Kennedy Urges Japan, South Korea to Resolve Diplomatic RowAndrew Davis
Japan and South Korea should take the lead in improving relations and the U.S. will do whatever it can to help defuse tensions between its two main Asian allies, Ambassador to Japan Caroline Kennedy said.
“The three countries can work together, will work together, and I think these good relations are in everyone’s interest,” Kennedy said in an interview aired yesterday by Japanese broadcaster NHK. “The two countries really should and will take the lead in this process and the United States, being a close ally of both of them, is happy to help.”
Relations between Japan and South Korea have soured since Prime Minister Shinzo Abe came to power in December 2012. Ill-will over a lingering territorial dispute has been aggravated by Abe’s visit to a Tokyo war shrine and comments by his administration about wartime sex slaves, reviving tensions over Japan’s militant past and 35-year occupation of Korea. Abe has not met with Korean President Park Geun Hye during his current term in office.
The tensions are driving a wedge between the U.S.’s biggest allies in the region at a time when President Barack Obama is trying to build a united front to keep a more assertive China in check. The U.S. maintains more than 60,000 troops across Japan and South Korea.
Turn for Worse
The U.S.’s biggest challenge in Northeast Asia “may be the deterioration of relations between Seoul and Tokyo,” Sheila Smith, senior fellow for Japan studies at the Council on Foreign Relations in Washington, told a Senate committee on March 4. “Memories of the past century continue to infuse contemporary political relations in Northeast Asia; and since 2012, the Japan-Korea relationship has taken a turn for the worse.”
Park’s government expressed outrage at Abe’s visit in December to the Yasukuni shrine in Tokyo that honors 14 Class A war criminals from World War II, among other war dead. Japan further strained ties by announcing a review of a 1993 apology over the military’s use of sex slaves, many of them Korean, during the 1930s and 1940s.
“I think anything that distracts from all the positive work we do together and makes the regional climate more difficult is something that is not as constructive moving forward,” Kennedy said when asked about Abe’s shrine visit.
Park said last week that Japan needs to overcome its “painful” history and heal the wounds stemming from the issue of the so-called comfort women. A survey by the Seoul-based Asan Institute of Policy Studies this week showed Abe is more unpopular in South Korea than the North’s dictator, Kim Jong-Un.
“We appreciate the constructive role that the U.S. has played to improve the South Korea-Japan relations, and we expect the Japanese side to stop making wrong comments and contribute to building the right South Korea-Japan relationship together with us,” the Foreign Ministry in Seoul said in an e-mailed statement.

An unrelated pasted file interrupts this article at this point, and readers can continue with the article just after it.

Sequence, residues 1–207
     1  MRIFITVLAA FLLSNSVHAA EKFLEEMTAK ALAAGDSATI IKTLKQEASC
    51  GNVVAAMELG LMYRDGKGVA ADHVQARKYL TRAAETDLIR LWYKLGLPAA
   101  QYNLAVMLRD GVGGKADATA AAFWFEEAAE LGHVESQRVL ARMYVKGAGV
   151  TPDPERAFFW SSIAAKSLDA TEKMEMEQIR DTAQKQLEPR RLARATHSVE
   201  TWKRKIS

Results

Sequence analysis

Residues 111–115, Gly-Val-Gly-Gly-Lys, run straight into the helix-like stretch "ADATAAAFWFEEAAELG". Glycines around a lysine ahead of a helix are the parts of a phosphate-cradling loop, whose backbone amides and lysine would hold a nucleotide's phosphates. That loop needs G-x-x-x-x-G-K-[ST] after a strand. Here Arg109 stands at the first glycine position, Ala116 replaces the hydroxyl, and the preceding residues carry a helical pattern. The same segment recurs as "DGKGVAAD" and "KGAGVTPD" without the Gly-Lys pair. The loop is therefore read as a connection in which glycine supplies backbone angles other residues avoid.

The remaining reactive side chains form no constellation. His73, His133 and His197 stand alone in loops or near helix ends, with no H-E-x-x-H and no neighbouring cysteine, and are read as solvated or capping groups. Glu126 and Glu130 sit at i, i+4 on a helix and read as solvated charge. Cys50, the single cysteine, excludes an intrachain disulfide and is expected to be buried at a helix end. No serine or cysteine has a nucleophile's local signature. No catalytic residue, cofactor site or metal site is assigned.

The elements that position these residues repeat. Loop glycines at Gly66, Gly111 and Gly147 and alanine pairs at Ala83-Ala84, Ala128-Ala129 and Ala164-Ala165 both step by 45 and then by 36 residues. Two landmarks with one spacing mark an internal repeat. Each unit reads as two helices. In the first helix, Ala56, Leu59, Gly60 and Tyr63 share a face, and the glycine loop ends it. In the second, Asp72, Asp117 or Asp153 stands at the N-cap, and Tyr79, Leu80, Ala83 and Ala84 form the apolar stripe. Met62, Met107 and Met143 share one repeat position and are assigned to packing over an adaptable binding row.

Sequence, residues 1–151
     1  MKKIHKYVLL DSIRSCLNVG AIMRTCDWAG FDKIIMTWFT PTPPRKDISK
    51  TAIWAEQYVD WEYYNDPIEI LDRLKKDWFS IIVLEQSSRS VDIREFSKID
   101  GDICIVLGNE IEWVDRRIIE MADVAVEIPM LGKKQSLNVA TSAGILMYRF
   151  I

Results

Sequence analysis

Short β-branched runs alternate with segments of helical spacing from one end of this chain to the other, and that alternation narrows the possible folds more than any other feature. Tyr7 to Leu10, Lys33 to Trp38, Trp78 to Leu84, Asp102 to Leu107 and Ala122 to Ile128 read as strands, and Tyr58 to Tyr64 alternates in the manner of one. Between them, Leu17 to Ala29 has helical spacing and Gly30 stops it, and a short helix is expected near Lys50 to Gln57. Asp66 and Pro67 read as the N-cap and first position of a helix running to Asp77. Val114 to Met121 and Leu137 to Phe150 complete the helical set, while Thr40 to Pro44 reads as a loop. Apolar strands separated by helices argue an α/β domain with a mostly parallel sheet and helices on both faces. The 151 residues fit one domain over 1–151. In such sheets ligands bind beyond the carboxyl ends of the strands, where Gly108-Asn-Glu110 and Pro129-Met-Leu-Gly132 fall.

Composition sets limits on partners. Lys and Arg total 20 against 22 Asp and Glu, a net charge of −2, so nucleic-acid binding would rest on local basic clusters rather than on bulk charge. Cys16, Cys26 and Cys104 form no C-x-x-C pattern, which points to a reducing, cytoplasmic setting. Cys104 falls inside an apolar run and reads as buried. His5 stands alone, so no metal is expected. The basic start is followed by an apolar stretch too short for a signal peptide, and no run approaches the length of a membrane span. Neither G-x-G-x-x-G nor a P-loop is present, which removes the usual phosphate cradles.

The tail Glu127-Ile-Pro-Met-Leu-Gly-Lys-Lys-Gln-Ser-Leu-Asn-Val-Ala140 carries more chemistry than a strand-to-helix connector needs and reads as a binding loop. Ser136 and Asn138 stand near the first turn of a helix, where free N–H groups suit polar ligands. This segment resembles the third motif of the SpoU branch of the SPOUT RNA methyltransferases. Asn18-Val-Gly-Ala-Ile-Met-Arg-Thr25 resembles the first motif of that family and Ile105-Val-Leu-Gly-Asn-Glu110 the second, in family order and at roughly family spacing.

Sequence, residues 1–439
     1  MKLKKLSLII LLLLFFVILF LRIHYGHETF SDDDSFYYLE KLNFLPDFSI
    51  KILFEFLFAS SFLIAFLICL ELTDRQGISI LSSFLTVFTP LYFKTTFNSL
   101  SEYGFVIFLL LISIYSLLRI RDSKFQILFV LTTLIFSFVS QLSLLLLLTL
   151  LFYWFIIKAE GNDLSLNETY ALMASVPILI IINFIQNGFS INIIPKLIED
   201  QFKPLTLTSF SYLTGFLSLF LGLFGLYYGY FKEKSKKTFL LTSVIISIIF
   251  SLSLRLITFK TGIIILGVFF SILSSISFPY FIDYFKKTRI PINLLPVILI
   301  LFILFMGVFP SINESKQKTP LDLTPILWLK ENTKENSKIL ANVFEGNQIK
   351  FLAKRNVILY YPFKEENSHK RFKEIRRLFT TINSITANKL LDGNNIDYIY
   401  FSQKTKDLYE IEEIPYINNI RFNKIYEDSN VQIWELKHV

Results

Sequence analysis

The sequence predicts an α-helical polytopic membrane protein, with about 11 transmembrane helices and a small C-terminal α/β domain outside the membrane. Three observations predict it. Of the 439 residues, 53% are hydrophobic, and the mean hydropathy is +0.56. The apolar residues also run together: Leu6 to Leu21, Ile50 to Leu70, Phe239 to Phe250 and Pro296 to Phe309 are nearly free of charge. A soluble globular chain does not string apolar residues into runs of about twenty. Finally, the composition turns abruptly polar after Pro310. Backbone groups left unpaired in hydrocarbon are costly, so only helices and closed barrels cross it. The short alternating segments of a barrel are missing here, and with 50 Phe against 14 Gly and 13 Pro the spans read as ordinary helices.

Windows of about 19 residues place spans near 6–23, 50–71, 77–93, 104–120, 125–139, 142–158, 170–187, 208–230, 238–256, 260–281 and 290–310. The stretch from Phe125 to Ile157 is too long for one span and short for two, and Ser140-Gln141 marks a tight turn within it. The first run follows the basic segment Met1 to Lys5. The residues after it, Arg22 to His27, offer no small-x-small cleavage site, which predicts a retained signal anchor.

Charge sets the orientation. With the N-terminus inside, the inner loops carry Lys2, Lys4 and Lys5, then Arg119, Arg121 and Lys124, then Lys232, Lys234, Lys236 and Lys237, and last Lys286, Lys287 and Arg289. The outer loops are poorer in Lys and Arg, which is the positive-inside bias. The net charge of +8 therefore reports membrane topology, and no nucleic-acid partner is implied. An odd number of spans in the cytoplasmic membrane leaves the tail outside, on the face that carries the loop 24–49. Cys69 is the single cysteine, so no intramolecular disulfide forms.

Japan’s Chief Cabinet Secretary Yoshihide Suga said he agreed with the U.S. that trilateral cooperation with South Korea was important from a strategic viewpoint as the security environment worsens. He added that Abe sought understanding for visiting Yasukuni “out of the feeling that he wants lasting peace and to build a Japan that will not go to war again,” he told reporters today.
Obama is due to visit South Korea and Japan in April. When Secretary of State John Kerry was asked in Seoul on Feb. 13 whether Obama would mediate between Japan and South Korea on his visit, he said “we hope that this issue will not be outstanding in a way that requires the President to do that. We need to be doing it now.”
The trip by Obama comes at a time of heightened tensions in the region, with North Korea over the past week launching a series of short-range missiles and China announcing its defense spending would rise 12.2 percent this year to 808.2 billion yuan ($131.6 billion).
“The Chinese People’s Liberation Army are not Boy Scouts with red-tasseled spears,” Foreign Ministry spokesman Qin Gang told reporters March 5 in Beijing. “Some foreigners always expect China to be a baby Scout. In that way, who will safeguard our national security? What about protecting world peace?”
Kennedy said the U.S.-Japan relationship remains “incredibly strong” and praised Abe for re-energizing the Japanese economy with a policy that has curbed deflation and boosted growth.
The appointment of Kennedy, 56, was welcomed by the Japanese government, helped by her close ties to Obama and her status as the only living child of former President John F. Kennedy. Thousands lined the streets to cheer the first woman in the post when she traveled by horse-drawn carriage to present her credentials to Emperor Akihito in November.
Since then she has shown a willingness to criticize Japan that has surprised and angered some Japanese. She provoked a backlash among Abe’s nationalist supporters when she expressed “disappointment” in December over Abe’s shrine visit. Kennedy also used Twitter in January to voice her concern about the “inhumaneness” of dolphin-hunting in Japan. That prompted a rebuke from the Japanese government.
“Hunting dolphins is one of our country’s traditional forms of fishing, and it is carried out appropriately in accordance with regulations,” Suga said on Jan 20.